Thankfully, Paul and I had discussed how we would handle this situation (just in case!) and he asked the OB GYN if we could take five minutes to process the events and this change in our journey. She agreed and the team left to prep the paperwork and the OR. Because Paul, our doula and I had all seen this coming, we used this time to process the day and the onslaught of new information both intellectually and emotionally. We reminded ourselves that the most important thing was to bring our baby into the world in the safest and healthiest way possible and, when looking at the overall picture of the day we knew this was the best (and only) option to do just that. Being able to take those five minutes helped us to shape our emotional space during what was a frenetic time.
What felt like seconds later I was signing paperwork and Paul was being handed scrubs. In an instant I was being wheeled out of the room and down the hall. Because the operating room is a sterile environment they made Paul wait while they set it up (he also had to call our back-up midwife and let her know what was happening so she could rush to the hospital). He later told me after he changed into his scrubs he chugged the rest of my ginger ale to get his blood sugar up in the hopes that it would help keep him from passing out during my surgery. He then texted a friend of his whose wife had also had a c-section to tell him what was happening; his friend’s advice was to go to the vending machine and get a sugary drink – and in that moment Paul experienced the incredible ways that fatherhood can bring a totally new level of bonding and understanding.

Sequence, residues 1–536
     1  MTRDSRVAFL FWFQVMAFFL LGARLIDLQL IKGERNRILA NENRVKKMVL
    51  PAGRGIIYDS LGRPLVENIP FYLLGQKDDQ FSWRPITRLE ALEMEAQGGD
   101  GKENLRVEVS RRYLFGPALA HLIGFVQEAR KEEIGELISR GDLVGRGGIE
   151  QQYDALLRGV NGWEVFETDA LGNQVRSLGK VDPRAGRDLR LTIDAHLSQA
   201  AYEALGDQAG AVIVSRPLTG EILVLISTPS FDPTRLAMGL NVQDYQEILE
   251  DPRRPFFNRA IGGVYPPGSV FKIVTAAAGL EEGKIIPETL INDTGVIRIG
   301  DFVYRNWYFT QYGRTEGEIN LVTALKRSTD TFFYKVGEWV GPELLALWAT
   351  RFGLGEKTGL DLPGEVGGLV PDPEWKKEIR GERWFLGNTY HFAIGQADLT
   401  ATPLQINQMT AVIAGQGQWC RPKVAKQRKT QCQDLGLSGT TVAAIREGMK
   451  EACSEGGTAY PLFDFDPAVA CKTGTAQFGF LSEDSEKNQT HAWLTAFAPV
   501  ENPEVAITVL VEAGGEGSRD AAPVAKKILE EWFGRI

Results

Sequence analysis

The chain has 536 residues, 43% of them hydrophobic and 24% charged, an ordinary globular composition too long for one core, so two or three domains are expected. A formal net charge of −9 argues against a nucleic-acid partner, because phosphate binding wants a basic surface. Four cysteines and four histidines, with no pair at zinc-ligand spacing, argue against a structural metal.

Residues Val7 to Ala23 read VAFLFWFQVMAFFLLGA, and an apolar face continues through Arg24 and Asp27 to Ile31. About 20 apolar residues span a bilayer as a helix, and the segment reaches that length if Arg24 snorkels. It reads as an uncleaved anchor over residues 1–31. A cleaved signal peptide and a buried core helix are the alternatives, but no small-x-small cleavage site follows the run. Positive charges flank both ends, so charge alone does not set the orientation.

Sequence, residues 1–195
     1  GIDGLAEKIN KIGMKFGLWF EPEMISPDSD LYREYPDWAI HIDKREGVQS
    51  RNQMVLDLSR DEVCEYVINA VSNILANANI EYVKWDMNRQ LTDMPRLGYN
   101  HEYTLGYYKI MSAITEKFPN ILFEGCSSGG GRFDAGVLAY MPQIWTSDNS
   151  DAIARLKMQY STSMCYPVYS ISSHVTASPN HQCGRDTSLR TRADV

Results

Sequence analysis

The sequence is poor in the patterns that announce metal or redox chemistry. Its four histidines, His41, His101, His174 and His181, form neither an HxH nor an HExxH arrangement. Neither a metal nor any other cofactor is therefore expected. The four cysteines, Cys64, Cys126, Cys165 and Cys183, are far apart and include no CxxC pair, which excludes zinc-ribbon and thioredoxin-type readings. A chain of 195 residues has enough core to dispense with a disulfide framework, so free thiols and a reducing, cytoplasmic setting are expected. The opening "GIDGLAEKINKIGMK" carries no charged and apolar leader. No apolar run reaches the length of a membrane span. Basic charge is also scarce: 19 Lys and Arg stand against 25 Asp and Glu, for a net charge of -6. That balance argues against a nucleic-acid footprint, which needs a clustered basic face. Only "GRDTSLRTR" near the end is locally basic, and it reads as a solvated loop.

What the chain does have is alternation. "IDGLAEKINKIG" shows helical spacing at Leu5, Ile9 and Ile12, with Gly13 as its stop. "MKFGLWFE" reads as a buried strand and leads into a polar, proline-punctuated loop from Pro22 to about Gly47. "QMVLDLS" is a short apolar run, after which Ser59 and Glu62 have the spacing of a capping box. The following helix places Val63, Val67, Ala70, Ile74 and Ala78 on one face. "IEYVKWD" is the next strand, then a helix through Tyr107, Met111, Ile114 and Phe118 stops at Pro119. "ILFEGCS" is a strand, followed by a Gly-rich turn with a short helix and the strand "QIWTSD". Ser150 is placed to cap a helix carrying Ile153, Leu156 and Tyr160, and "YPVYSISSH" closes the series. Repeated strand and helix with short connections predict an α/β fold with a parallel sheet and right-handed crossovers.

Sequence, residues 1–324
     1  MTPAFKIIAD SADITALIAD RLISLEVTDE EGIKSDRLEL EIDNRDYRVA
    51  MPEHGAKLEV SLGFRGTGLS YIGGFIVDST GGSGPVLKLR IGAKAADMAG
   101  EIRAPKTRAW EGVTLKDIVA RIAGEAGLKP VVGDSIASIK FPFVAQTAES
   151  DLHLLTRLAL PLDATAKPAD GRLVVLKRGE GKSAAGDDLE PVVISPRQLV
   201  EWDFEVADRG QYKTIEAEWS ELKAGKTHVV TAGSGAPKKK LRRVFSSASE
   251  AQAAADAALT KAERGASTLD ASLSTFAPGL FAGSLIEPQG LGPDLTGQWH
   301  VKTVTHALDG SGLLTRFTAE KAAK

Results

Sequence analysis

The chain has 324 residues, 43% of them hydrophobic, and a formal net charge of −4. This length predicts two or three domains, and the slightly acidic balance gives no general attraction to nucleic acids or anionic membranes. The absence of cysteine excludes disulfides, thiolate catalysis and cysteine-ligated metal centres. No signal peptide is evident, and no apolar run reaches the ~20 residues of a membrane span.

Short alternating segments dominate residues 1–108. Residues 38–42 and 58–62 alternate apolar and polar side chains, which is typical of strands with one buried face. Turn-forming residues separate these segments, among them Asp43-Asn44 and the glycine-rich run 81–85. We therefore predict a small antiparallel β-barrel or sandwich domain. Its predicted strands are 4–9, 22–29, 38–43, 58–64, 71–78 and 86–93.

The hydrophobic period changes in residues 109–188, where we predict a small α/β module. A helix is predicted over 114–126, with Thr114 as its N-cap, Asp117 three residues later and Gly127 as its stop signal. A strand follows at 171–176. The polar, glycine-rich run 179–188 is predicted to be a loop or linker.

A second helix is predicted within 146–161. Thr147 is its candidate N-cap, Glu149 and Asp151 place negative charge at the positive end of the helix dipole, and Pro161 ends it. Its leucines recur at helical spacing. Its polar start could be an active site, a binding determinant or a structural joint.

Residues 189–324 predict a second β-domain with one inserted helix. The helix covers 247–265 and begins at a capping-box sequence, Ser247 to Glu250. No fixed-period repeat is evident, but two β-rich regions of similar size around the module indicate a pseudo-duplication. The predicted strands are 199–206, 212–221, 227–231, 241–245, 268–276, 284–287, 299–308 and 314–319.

It took me four months to write about what happened in the OR. This experience was so incredibly surreal and undeniably not what I had imagined for my birth. I mean, I did CrossFit throughout my pregnancy, I prepared, heck I committed to having a medication free birth, and here I was unable to move in my bed as I was being wheeled down a hospital hallway. I was brought into a room with machines whirring and bright lights glaring overhead, while a team of hands reached around and hoisted me from my hospital bed onto a small cross shaped table. A blue plastic sheet went up in front of my chest, an oxygen tube was draped around my face and my arms were placed on each side of the table, all while someone poked around my body asking if I could feel the instrument they were using (to make sure the epidural had really kicked in). Interestingly enough, this chaotic blur was the one part of birth that felt exactly as it’s portrayed in movies.